Bobby was hardly able to raise a shuffle for the final two hours.

Singing-twister Frank McKenna even went to the microphone and sang to urge Bobby on but it was no good and he collapsed from lack of sleep at 4.50pm.

Dr John Adam examined Bobby and found that he was suffering from sheer exhaustion and advised he should have two hours’ sleep at once and then be taken home.

During his marathon twist, Bobby danced his way through eight pairs of socks and for the last three days he was twisting with a large blister on his foot.

Full English breakfast to recharge

Bobby slept until 11pm and sat in the ballroom foyer huddled in a pile of travelling rugs with stiff legs and a wheezy chest from dancing non-stop in a smoky hall.

“I can’t remember anything about the last four hours’ twisting, at all,” he said.

“I don’t even remember giving up. I still feel a bit dizzy yet but I enjoyed it very much except for the last part. You just go completely crazy.

“You don’t know what you’re doing or what you’re saying.

“But I’d do it again.”

Murdoch Wallace was the owner of the JM Ballroom.
Murdoch Wallace was the owner of the JM Ballroom.

Bobby enjoyed a full English breakfast the following morning!

The Twist was, and still is, a routine that exerted a hypnotic effect and encouraged people to lose their inhibitions to the beat of the music and just have a ball.

Bob Inglis was a sheriff sitting in Dundee at the time the twist marathon was staged and was invited to present the prizes by JM owner Murdoch Wallace.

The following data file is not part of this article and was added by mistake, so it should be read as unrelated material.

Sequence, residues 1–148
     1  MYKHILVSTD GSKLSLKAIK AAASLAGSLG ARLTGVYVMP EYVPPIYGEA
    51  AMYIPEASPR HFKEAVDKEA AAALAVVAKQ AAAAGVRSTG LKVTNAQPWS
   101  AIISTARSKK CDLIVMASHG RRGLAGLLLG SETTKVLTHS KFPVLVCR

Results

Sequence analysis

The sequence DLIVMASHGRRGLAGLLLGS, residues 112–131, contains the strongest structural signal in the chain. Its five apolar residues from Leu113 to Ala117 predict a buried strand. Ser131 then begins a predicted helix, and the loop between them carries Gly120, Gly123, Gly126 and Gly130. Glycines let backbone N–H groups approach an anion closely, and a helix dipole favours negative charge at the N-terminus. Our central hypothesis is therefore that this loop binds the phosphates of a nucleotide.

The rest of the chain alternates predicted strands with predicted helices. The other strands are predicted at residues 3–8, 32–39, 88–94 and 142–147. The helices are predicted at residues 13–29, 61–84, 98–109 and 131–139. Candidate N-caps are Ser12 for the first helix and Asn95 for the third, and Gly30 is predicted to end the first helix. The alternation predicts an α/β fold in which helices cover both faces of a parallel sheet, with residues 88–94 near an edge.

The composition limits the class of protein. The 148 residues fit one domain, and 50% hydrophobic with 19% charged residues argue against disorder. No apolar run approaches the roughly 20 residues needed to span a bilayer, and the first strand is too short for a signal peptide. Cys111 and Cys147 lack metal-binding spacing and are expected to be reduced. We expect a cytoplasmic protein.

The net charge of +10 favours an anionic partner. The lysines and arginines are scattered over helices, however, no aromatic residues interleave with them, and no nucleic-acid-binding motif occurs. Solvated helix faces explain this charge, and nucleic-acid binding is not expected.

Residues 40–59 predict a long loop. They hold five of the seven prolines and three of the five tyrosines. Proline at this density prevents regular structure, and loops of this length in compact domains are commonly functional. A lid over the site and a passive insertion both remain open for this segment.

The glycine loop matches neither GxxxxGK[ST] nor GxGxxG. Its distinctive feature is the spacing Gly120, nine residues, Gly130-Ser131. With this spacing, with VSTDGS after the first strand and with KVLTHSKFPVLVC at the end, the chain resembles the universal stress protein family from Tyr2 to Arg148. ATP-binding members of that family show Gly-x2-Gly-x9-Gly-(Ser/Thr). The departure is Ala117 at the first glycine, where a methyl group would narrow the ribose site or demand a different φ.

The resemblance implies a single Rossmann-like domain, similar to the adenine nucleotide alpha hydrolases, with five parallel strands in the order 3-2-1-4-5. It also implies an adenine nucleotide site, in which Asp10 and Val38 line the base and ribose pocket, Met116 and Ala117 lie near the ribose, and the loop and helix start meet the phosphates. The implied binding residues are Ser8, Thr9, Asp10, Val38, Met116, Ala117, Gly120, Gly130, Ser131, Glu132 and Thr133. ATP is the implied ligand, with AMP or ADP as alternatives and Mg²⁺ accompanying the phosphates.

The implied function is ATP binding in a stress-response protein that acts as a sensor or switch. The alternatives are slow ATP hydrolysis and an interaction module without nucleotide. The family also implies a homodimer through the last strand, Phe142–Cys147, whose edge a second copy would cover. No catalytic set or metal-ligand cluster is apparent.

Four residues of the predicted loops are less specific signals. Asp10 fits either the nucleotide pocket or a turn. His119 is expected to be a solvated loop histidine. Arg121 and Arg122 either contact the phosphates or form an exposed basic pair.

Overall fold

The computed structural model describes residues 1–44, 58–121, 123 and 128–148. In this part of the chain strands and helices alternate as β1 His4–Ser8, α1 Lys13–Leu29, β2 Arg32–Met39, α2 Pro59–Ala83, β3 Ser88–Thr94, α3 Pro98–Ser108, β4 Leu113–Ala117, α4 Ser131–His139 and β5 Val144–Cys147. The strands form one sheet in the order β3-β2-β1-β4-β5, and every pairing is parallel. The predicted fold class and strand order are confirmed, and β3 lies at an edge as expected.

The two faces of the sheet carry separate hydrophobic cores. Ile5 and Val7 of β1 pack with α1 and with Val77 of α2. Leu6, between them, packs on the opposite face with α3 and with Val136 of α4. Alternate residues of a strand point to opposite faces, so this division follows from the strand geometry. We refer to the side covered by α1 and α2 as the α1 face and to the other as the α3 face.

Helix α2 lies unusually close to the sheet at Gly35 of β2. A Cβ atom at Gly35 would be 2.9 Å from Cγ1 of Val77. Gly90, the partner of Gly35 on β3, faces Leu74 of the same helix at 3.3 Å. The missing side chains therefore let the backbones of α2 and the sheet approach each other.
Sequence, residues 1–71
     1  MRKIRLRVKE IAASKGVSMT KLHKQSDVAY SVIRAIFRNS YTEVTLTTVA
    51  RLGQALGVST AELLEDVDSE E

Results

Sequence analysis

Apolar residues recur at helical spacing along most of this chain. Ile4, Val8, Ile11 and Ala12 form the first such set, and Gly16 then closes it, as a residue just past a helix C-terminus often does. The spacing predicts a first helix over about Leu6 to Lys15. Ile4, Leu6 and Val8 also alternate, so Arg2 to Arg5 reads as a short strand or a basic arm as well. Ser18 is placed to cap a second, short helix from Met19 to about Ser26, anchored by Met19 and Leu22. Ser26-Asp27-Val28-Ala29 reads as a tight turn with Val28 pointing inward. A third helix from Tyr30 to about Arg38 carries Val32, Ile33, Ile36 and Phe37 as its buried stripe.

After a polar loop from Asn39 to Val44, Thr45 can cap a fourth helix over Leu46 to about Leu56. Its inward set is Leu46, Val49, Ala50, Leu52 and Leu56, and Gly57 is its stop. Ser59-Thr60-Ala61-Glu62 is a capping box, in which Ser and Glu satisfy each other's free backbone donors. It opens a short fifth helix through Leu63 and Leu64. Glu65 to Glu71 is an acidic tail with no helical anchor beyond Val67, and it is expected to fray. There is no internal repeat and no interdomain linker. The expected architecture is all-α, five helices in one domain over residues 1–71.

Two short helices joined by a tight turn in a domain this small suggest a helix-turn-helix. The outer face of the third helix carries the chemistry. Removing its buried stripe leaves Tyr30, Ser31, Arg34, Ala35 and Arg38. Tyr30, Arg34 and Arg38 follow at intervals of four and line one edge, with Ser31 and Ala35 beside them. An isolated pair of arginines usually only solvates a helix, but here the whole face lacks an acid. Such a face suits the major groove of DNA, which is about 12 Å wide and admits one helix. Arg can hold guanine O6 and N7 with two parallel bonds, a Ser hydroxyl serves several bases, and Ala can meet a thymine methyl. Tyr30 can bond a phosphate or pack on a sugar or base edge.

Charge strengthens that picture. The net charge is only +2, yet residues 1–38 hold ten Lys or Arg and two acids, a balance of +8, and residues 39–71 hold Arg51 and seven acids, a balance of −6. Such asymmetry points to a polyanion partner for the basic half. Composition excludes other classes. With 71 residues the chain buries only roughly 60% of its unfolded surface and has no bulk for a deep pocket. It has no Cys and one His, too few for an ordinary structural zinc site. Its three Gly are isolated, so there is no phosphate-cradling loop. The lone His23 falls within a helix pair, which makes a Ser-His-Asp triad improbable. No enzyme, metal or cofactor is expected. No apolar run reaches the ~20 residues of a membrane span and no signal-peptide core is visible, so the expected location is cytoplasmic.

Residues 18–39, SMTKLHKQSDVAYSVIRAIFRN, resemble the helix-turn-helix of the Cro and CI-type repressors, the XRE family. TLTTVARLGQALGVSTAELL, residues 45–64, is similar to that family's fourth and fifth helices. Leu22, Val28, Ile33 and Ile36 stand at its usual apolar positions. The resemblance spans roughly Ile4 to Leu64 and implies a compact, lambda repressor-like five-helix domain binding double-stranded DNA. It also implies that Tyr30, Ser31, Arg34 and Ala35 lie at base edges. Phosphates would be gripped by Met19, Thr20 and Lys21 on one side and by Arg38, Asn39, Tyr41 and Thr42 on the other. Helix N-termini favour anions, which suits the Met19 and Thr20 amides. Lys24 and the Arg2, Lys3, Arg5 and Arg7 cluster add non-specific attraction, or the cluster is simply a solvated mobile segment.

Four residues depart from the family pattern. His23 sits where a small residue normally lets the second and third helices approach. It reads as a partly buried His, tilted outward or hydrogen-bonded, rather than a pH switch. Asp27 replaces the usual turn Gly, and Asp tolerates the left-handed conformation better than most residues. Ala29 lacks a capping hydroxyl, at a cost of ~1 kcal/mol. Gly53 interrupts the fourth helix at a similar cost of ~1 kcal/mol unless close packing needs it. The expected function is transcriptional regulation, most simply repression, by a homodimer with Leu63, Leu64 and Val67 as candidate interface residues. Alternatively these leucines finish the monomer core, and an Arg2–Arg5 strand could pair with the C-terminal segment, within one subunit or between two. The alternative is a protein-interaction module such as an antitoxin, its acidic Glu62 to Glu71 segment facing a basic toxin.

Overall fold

He astonished the 500 dancers present by giving a superb solo performance of the routine, one minute rotating on bended knees, the next jumping aloft waving a tambourine above his head and “toeing'” it in time with the music.

It was possibly the first time in Scottish legal history that a member of the bench had cast aside his wig and gown in such a public fashion.

It was, however, no secret at the time that His Honour’s performance was frowned upon in high judicial circles!

Triumph and tragedy

After Bobby’s success when he collected £101 in prize money, he formed a dance team known as the Fireballs, which toured the country.

Cathie Connelly out-twisted all but Cannon and Marlborough in the competition but took the world title in Lancashire in 1964 when she established 102 hours of twisting.

She twisted her way into the Guinness Book of Records.

Dancing was very important to Cathie, who used to drink raw eggs to keep strong!

Her success came as a surprise to many but she loved dancing and Cathie still held the record as World Twist Marathon Champion until her death in 2017.

Cathie Connelly became a world champion in 1964.
Cathie Connelly became a world champion in 1964.

Twisting remained popular after 1963, although the interest in marathons faded.

As well as being a talented dancer, Bobby was also training to become a chef until a car accident in Gloucestershire left him with epilepsy when he was 31.

Bobby lived in Perth until the early 1980s, when he moved to Glasgow.

He died at the age of 68, in 2010, when tributes were paid and Bobby was described as the twisting Travolta of the 1960s.

It was a fitting epitaph for the dashing Pitlochry lad who once twisted himself dizzy for almost 95 hours.

More like this:

Dancing days: Remembering the magic of the old Palais in Dundee

A dance to the music of time: The rise and fall of Dundee’s ballrooms